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Product Abstract

Aggregation of Greenhouse Gas Emissions Offsets: Benefits, Existing Methods, and Key Challenges

Product ID:1022180
Date Published:31-Oct-2011
Sector Name:Environment
Document Type:Technical Results
Price:No Charge

This Product is publicly available

   1.70 MB - Adobe PDF (.pdf)

This report is designed to develop and disseminate to members of the Electric Power Research Institute (EPRI), the public at large, and participants in the world's evolving carbon markets a set of lessons learned about the aggregation of individual greenhouse gas (GHG) emissions offset projects into larger, organized configurations that can yield large-scale GHG emissions offsets. Aggregation puts together geographically and/or temporally dispersed activities that reduce emissions in a similar manner to streamline the process of qualifying and quantifying emissions offsets.

This report examines approaches used by existing and evolving offset programs to facilitate offset project aggregation. It focuses on major existing offsets standards and aggregation approaches, including the United Nations' Clean Development Mechanism's Programme of Activities, the Verified Carbon Standard's grouped projects, the Climate Action Reserve's forestry protocol aggregation guidelines, the American Carbon Registry's aggregation guidelines for forestry projects, the Chicago Climate Exchange's soil conservation protocol, and the Alberta Offset System's tillage systems protocol.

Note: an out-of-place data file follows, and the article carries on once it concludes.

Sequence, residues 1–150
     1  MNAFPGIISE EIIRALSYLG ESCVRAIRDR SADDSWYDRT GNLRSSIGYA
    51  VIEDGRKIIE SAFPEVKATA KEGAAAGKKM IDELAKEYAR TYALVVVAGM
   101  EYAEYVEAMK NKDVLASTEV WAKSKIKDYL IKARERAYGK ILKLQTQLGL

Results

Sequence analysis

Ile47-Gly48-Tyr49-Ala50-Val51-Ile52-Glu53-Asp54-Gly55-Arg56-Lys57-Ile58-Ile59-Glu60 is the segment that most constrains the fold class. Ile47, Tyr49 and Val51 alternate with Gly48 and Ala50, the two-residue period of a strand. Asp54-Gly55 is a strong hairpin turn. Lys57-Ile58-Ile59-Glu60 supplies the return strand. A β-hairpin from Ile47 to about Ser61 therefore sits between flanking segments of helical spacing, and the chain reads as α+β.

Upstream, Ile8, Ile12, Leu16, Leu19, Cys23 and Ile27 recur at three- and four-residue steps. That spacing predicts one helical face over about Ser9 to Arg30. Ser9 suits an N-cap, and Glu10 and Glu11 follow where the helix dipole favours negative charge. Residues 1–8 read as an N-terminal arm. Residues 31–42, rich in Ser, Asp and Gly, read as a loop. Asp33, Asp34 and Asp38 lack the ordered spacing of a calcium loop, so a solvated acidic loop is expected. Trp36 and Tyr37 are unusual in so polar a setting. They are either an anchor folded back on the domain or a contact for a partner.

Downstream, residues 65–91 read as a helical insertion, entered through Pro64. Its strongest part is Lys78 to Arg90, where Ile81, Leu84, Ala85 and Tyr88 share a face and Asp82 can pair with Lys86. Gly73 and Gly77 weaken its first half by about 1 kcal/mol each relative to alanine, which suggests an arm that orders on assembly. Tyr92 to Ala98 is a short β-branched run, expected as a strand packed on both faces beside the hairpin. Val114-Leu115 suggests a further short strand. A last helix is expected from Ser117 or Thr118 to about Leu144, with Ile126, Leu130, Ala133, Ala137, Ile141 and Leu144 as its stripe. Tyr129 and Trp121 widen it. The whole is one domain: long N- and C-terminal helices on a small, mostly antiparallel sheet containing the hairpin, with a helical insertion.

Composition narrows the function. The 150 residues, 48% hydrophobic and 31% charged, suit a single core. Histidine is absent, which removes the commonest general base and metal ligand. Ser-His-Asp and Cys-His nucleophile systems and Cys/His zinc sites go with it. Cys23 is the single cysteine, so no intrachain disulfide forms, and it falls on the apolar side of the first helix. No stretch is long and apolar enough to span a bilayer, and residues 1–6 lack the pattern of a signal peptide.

In addition, the report examines business models that offset project developers have employed to replicate one project type in order to streamline the process of generating offsets without the need to rely on a specific methodology for aggregation. The report also discusses options for sectoral crediting, an approach that seeks to reward specific economic sectors in specific regions if they exceed sectoral GHG emissions targets. Finally, key lessons learned are summarized, including:

  1. Reduce Risk: Aggregation can help reduce financial and other risks to offset project participants and can help aggregators finance the capital costs of offset activities. Aggregators can incentivize large-scale participation in their programs by reducing the project performance risk faced by landowners by paying them to implement specific practices that reduce GHG emissions at standard practice-based rates.
  2. Consider Aggregation Upfront: Aggregation can fundamentally change the approaches used to qualify and quantify an offset project. Aggregation may enable "proportional additionality" assessments and modeling approaches to quantifying offsets that cannot be used for stand-alone projects. Offset programs may want to consider integrating aggregation guidelines more closely into new offset protocols at the time they are initially developed, rather than simply adding on aggregation guidelines as an addendum to new or existing protocols.
  3. Simplify Protocols: Simplified, standardized offset accounting and verification protocols can enable aggregation. Performance standards, practice-based offset crediting rates, regional data, and simplified approaches to address permanence and leakage can reduce carbon market risks for all participants and speed up the development of large quantities of offsets.
2011 Program 103   Analysis of Environmental Policy Design, Implementation and Company Strategy
  • Aggregation
  • Climate Change
  • Global Climate Change
  • Greenhouse gas emissions
  • Carbon market
  • Offsets

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